The Problem With Having a Conscience
Let Us Now Praise Famous Men

I Believe in Halloween

I occasionally joke that Halloween is the only holiday of the year that I really, truly enjoy. That probably says more about my problems with a lot of other holidays (high expectations that are never met, the impossibility of making the magic happen at both church and home, etc.) but I do look forward to October 31st at least as much as my kids do. In a few more years, I have a feeling I'll be loving it even more than them.

Why? Over the past few years I've become more aware of the complicated feelings many Christians have about the holiday. Some are so turned off by the connection to the Rosa_the_mermaid occult that they refuse to participate entirely. Others make careful negotiations--no witches allowed, but its okay to dress as a princess. Others let their kids dive in head first, but watch it all with a great sense of unease, waiting for it to all be over.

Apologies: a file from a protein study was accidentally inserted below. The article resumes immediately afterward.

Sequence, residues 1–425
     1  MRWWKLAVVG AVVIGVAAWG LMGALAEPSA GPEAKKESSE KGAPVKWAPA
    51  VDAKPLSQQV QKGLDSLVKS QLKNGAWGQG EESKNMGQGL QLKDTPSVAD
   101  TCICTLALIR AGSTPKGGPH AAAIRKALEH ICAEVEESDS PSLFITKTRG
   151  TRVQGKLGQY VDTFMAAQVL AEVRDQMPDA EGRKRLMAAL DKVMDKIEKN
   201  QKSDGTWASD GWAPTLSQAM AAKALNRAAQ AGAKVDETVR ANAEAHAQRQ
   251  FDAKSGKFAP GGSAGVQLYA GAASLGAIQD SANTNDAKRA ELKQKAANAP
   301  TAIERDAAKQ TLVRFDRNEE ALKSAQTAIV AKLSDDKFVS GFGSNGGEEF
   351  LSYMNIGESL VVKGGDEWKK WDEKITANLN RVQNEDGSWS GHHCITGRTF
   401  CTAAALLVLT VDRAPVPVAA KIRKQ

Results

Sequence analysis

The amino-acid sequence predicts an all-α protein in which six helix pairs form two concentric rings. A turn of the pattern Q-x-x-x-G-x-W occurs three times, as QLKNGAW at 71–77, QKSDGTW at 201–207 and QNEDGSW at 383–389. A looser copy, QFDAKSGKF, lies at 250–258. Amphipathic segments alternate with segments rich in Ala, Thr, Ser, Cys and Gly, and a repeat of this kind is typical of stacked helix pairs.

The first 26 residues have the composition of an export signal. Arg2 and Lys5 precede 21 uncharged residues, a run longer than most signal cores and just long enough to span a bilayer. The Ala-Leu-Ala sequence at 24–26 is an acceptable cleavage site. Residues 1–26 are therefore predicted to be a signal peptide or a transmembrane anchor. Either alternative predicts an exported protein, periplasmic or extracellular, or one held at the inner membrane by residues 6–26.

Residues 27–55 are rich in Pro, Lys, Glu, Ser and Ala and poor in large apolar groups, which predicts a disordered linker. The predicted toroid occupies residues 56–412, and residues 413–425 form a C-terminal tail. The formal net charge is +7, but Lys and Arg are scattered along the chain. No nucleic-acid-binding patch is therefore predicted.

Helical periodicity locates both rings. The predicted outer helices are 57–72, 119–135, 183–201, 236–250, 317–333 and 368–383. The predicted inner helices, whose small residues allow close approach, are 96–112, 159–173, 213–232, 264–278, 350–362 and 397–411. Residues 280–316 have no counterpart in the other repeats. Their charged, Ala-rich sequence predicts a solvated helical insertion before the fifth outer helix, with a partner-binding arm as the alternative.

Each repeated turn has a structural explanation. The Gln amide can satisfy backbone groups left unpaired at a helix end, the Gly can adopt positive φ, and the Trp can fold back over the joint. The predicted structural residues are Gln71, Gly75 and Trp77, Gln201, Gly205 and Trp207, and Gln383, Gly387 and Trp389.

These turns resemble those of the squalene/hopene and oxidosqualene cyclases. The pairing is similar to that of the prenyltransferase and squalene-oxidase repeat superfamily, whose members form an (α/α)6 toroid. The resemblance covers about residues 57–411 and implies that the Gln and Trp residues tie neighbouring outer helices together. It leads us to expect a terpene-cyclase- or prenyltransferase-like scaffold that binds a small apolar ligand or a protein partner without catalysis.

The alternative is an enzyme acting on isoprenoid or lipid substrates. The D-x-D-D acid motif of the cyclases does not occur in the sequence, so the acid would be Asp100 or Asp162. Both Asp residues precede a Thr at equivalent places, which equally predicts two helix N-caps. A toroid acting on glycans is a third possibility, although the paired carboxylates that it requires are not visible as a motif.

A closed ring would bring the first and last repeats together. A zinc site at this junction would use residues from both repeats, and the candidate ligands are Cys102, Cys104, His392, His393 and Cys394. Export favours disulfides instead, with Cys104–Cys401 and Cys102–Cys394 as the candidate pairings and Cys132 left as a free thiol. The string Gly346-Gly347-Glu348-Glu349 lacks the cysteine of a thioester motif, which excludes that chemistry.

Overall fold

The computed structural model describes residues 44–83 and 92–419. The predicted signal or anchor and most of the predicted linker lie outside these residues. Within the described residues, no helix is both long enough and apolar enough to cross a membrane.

And in response, other Christians argue that Halloween is a ritual that has become detached from any pagan or dark-spirited roots it once had. It's "just" fun, it really means nothing, so participating shouldn't be any big deal.

But I for one want to participate in Halloween, not because it means nothing, but because I really believe in the values that lie underneath it. It don't think the core values of Halloween glorify practitioners of dark magic. I believe in Halloween because: